Cycnus

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The butterfly genus Cycnus is now synonymized with Panthiades.
Zeus parts Athena and Ares, while Kyknos flees in a chariot (right) as Heracles arrives (left),[1] on an Attic black-figured volute-krater, ca. 540–510 BCE signed by Nikosthenes (British Museum).

In Greek mythology, multiple characters were known as Cycnus (Κύκνος) or Cygnus. The literal meaning of the name is "swan", and accordingly most of them ended up being transformed into swans.

Son of Ares[edit]

Cycnus, son of Ares by Pelopia or Pyrene, was a bloodthirsty and cruel man who dwelt either in Pagasae, Thessaly or by the river Echedorus in Macedonia, and killed all of his guests until he was slain by Heracles. According to Pausanias, one of the men murdered by him was Lycus of Thrace.[2]

Pseudo-Apollodorus[3] wrote of Cycnus the Thessalian, the son of Pelopia, and Cycnus the Macedonian, the son of Pyrene, as two distinct encounters of Heracles, mentioning them separately. The Thessalian Cycnus, he relates, challenged Heracles to single combat and was killed by him;[4] the same is recounted by Diodorus.[5] The Macedonian Cycnus, according to the Bibliotheca, also challenged Heracles to single combat; Ares attempted to avenge his son's death, but a thunderbolt was hurled by Zeus between the combatants, causing them to part.[6]

In the poem Shield of Heracles, Heracles and Iolaus encountered Cycnus and Ares on the way to Trachis, each pair riding a chariot; it is mentioned that Heracles was directing to the court of King Ceyx, to whose daughter Themistonoe Cycnus was married. Apollo, whose Pagasaean sanctuary was next to the place where the characters meet, is said to have stirred Heracles up against Cycnus. Athena appeared, telling Heracles that Zeus too had empowered him to defeat Cycnus, and instructed him not to touch his body or take his armor as spoils, but to hit Ares with a spear in an unprotected part of body if he should attack Heracles to avenge Сycnus's death. Heracles and Сycnus then clashed in single combat and Heracles hit Сycnus in the neck with a spear, killing him. Ares was just about to strike a hit at Heracles when Athena blocked his hit, saying that it was not ordained that he should kill the hero. Heracles took this opportunity to wound Ares in the thigh and beat him to the ground, which caused his sons Phobos and Deimos to rescue him and take him back to Mount Olympus. Сycnus was buried by his father-in-law Сeyx and people of the neighboring cities, but his tomb was destroyed during a flood by the will of Apollo.[7]

According to Euripides, Heracles shot Cycnus with his arrows, and this took place in Amphanae near the river Anaurus.[8]

Eustathius of Thessalonica informs that Ares changed Cycnus into a swan rather than let him die by the hand of Heracles.[9]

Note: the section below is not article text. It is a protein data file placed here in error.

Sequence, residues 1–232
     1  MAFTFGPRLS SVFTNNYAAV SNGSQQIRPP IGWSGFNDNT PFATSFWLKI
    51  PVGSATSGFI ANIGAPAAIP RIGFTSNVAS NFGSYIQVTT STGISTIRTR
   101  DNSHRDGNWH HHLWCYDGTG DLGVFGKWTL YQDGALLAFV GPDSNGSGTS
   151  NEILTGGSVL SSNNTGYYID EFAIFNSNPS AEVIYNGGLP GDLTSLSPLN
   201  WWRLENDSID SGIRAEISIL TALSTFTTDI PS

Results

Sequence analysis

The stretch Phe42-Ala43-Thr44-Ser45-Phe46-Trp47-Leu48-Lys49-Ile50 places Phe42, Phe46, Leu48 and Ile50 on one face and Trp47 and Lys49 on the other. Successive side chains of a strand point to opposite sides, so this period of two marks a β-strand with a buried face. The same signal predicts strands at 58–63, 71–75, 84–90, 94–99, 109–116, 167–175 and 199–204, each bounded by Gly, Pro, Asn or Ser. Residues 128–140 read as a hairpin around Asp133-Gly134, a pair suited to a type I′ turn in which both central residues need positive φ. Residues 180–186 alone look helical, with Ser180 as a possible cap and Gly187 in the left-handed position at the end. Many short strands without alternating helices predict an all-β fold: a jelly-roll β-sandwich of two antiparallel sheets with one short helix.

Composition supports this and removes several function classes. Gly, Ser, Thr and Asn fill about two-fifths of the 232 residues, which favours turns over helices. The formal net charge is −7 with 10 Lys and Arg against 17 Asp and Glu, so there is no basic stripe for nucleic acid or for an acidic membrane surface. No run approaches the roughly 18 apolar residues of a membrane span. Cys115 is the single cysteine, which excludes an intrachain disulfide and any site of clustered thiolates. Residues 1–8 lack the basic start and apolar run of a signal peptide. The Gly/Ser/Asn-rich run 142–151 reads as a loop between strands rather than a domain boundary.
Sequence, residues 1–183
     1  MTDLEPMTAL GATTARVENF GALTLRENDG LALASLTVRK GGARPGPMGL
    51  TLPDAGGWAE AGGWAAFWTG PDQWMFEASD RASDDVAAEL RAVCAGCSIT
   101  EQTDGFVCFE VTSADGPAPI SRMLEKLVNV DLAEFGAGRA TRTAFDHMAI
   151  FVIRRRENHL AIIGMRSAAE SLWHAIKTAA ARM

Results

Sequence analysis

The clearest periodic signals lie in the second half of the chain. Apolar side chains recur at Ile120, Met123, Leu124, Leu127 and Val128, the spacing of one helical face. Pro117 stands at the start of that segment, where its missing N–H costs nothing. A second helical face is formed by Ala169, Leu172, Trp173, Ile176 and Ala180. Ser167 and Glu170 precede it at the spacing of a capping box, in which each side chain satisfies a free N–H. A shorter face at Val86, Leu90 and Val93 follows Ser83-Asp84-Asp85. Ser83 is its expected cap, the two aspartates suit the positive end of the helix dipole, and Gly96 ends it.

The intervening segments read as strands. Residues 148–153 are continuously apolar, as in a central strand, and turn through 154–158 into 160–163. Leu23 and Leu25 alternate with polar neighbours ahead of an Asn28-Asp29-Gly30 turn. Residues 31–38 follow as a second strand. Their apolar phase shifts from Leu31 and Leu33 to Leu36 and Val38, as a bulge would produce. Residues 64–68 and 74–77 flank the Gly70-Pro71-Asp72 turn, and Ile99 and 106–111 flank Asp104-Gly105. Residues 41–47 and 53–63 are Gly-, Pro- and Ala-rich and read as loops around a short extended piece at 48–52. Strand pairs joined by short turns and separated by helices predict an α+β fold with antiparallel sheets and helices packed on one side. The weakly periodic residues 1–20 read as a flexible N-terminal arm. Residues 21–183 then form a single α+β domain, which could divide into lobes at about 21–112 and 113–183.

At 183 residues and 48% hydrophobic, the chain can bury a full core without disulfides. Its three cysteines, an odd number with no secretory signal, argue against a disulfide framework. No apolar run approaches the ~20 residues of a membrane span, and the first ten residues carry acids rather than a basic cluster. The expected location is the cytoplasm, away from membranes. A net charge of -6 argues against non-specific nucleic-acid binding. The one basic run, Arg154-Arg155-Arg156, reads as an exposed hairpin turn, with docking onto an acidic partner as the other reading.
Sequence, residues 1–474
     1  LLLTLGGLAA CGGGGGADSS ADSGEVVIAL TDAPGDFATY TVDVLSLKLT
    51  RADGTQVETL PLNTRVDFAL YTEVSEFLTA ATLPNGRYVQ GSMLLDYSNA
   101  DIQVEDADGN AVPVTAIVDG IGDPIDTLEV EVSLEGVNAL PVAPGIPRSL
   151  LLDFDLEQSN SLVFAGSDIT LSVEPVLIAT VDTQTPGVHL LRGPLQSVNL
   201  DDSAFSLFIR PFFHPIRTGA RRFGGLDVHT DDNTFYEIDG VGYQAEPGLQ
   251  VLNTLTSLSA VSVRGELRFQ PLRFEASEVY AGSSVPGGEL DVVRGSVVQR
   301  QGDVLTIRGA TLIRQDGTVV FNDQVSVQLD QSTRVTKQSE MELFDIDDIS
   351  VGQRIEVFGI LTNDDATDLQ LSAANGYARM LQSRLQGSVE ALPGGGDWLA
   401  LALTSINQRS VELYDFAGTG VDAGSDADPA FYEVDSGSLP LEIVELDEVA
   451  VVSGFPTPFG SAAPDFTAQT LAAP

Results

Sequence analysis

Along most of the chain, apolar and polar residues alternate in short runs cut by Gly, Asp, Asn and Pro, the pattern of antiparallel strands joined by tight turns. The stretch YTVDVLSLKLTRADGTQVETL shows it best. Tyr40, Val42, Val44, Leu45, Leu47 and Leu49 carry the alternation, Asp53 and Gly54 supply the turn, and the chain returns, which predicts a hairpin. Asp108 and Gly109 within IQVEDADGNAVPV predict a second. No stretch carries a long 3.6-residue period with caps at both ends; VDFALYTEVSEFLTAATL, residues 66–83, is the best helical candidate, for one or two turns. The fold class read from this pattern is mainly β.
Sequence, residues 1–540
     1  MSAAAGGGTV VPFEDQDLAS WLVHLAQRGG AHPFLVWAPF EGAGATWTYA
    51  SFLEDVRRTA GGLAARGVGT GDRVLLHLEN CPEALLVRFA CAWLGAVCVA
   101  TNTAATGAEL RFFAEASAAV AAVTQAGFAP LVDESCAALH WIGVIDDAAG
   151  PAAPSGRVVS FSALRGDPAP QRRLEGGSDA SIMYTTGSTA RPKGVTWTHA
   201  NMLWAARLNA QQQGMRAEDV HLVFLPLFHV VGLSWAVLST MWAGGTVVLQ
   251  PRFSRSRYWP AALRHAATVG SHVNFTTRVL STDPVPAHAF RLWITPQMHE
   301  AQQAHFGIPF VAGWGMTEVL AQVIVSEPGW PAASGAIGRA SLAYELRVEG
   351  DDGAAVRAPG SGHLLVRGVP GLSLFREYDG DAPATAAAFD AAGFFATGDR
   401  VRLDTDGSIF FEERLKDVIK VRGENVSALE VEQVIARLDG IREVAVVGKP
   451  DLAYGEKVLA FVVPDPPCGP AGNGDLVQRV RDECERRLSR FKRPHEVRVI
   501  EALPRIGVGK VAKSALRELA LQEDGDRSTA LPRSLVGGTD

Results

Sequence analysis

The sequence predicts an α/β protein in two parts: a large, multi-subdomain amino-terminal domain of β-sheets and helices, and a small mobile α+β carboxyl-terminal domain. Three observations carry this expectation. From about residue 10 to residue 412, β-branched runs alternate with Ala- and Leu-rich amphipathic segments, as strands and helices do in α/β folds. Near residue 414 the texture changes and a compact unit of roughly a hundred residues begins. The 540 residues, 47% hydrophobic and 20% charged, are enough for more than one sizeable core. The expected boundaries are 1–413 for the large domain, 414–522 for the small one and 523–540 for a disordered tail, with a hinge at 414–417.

King of Kolonai[edit]

As king of the town of Kolonai in the southern Troad,[10] Cycnus was the son of Poseidon by Calyce (daughter of Hecaton), Harpale, or by Scamandrodice.[11] According to John Tzetzes, his mother Scamandrodice abandoned him on the seashore, but he was rescued by fishermen who named him Cycnus "swan" because they saw a swan flying over him.[12] In another account, he was said to have had womanly white skin and fair hair, which was why he received his name that meant "swan".[13]

Cycnus married first Procleia, daughter of Laomedon (King of Troy) or of Laomedon's son Clytius. Cycnus and Procleia had two children, named Tenes and Hemithea, although Tenes claimed the god Apollo as his father. On Procleia's death, Cycnus married Philonome, daughter of Tragasus (Cragasus), also known as Polyboea[14] or Scamandria.[15] Philonome fell in love with her handsome stepson, Tenes. Tenes rejected Philonome's advances, whereupon Philonome falsely accused Tenes before her husband of having ravished her. Cycnus ordered to place both his children in a chest and throw it into the sea. However, Cycnus discovered the truth and had Philonome buried alive. When he found that his children had survived and were reigning at Tenedos, he sailed there intending to reconcile with them, but Tenes cut the anchor rope of his ship.[16][17][18][19][20]

Dictys Cretensis mentions three more children of Cycnus: two sons, Cobis and Corianus, and a daughter Glauce.[21]

Cycnus later supported the Trojans in the Trojan War, and fought valiantly, killing one thousand opponents according to Ovid. According to some accounts he killed the Greek hero Protesilaus,[22] but according to others, Cycnus attacked the Greek camp when the funeral of Protesilaus was underway.[23] It was said that Cycnus, being the son of Poseidon, was invulnerable to spear and sword attack. When Achilles confronted Cycnus he could not kill him via conventional weaponry so he crushed and suffocated him. After his death, Cycnus was changed into a swan.[24] Later, the Greek army invaded Cycnus's kingdom, but the people of Colonae implored them to spare the city. The Greek leaders agreed, on condition that Cobis, Corianus and Glauce be handed over to them, and made a truce with the citizens.[21]

Friend of Phaethon[edit]